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Bradshaw v. Daniel

    Brief Fact Summary.

    Bradshaw commenced a negligence suit against Dr. Daniel after both his parents died of Rocky Mountain Spotted Fever under Dr. Daniel’s care.

    Synopsis of Rule of Law.

    A physician has a legal duty to warn family members and others who are at risk of exposure of a disease contracted by a patient that the physician is treating.

    Facts.

    Johns was admitted to the hospital under the care of Dr. Daniel who gave Johns medication for Rocky Mountain Spotted Fever (RMSF), created by exposure to ticks. Johns died the next day and Dr. Daniel failed to warn Johns’ wife of the risks associated with exposure to RMSF or that her husband died because of exposure to RMSF. Johns’ wife died of RMSF three days later, and her son, Bradshaw, filed a negligence suit against Dr. Daniel. The trial court granted an interlocutory appeal regarding the issue of whether a duty to warn exists when a disease is non-contagious. The appellate court granted judgment to Dr. Daniel.

    Issue.

    Whether a physician has a legal duty to warn family members and others who are at risk of exposure of a disease contracted by a patient that the physician is treating?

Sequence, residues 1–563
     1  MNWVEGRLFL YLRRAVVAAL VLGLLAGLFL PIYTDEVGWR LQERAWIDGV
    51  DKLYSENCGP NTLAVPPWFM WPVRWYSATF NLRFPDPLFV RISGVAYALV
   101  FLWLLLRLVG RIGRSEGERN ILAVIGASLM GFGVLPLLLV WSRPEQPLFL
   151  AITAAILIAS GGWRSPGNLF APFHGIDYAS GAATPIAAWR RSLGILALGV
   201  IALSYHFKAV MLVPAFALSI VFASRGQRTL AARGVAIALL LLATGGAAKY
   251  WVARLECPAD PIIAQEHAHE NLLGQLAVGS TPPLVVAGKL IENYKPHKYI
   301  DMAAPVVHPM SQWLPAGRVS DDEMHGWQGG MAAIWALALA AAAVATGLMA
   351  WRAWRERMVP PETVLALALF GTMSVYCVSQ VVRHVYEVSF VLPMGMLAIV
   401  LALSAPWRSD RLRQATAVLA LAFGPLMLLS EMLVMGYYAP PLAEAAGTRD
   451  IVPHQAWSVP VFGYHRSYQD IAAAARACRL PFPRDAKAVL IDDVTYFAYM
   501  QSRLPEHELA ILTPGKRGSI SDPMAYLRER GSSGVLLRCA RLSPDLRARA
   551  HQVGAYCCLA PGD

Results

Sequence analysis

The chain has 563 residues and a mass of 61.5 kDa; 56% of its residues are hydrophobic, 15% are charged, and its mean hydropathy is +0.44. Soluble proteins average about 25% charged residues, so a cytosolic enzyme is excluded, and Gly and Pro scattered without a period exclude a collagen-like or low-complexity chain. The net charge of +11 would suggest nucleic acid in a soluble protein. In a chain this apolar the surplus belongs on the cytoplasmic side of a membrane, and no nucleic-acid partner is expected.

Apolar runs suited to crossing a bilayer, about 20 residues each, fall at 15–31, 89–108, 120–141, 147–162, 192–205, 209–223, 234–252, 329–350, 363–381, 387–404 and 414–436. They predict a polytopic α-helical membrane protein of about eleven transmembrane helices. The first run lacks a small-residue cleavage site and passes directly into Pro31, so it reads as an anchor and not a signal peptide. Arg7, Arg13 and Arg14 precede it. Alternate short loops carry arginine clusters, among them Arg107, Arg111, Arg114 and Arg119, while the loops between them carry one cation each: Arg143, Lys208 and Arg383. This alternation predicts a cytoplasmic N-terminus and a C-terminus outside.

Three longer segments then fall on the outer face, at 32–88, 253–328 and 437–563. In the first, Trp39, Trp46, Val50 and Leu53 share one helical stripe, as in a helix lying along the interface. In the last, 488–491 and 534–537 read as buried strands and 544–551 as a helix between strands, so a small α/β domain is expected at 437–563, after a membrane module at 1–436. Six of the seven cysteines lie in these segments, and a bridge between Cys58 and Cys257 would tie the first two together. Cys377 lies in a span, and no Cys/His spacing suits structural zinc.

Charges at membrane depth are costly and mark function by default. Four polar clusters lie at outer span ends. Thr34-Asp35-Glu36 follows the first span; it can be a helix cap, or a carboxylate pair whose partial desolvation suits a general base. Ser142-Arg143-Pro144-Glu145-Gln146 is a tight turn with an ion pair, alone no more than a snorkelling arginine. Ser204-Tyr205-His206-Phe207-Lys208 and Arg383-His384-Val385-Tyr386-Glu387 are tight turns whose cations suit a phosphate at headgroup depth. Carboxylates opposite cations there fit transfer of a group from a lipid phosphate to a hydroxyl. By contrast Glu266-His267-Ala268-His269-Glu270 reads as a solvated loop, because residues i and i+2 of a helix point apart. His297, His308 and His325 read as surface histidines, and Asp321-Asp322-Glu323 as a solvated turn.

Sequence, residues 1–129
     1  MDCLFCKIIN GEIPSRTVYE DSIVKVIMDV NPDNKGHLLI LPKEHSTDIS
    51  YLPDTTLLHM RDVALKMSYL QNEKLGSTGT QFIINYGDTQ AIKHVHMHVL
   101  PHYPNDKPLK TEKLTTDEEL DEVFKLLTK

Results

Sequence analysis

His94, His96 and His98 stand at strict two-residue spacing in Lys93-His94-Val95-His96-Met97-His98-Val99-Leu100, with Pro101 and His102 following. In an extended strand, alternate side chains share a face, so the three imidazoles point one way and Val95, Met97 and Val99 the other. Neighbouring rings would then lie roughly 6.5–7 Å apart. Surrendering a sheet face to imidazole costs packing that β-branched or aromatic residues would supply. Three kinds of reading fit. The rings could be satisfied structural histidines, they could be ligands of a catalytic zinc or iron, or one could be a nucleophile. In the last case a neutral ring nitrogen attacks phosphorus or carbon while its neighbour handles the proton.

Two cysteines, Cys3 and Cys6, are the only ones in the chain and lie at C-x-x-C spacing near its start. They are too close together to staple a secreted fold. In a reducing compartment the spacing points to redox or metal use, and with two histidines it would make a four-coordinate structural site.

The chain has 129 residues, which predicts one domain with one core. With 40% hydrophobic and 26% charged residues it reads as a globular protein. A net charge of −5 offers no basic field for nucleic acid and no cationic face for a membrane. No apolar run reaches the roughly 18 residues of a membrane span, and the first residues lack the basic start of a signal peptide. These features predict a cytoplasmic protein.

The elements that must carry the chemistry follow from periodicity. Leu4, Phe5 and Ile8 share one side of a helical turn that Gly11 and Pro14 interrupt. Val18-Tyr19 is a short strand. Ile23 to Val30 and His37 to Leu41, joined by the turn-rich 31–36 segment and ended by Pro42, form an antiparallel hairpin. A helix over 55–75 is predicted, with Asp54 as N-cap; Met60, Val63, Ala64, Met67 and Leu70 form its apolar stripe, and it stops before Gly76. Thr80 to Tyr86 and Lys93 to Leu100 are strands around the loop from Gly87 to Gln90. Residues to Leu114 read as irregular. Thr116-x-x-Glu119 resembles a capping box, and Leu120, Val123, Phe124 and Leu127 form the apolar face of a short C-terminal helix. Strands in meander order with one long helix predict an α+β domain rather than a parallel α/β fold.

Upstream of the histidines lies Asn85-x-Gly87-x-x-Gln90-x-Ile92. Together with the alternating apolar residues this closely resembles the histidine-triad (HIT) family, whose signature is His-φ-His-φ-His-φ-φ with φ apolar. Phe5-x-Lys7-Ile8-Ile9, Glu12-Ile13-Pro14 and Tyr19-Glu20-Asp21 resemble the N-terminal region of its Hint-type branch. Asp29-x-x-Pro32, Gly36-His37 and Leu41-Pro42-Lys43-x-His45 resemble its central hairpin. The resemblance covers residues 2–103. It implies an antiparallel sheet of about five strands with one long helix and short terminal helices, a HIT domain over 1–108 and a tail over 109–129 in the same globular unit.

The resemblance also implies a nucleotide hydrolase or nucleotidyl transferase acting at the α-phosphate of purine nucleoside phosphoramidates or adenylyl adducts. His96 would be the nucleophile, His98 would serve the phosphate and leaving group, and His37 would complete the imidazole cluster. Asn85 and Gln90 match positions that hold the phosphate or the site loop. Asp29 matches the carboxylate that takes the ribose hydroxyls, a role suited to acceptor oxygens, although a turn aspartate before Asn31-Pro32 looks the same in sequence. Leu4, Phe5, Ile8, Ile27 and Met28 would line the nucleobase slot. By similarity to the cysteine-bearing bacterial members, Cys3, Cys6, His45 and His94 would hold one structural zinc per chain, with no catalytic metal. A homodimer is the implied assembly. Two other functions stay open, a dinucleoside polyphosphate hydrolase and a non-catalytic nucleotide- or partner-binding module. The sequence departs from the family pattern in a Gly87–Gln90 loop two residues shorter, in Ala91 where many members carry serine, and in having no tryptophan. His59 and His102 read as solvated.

Held.

    Yes. The judgment of the appellate court is reversed. Dr. Daniel had an affirmative obligation to warn Johns’ wife of her risk of contracting RMSF and that Johns suffered, and died, from RMSF.

    Discussion.

    A physician has a legal duty to warn family members and others who are at risk of exposure of a disease contracted by a patient that the physician is treating. Although there is not usually a duty to warn a person who is in danger of another’s conduct, a physician-patient relationship creates a legal duty to warn. A physician-patient relationship creates a duty to act so that the patient does not suffer harm. A physician therefore has an affirmative obligation to warn third parties of risks associated with a patient’s illness.


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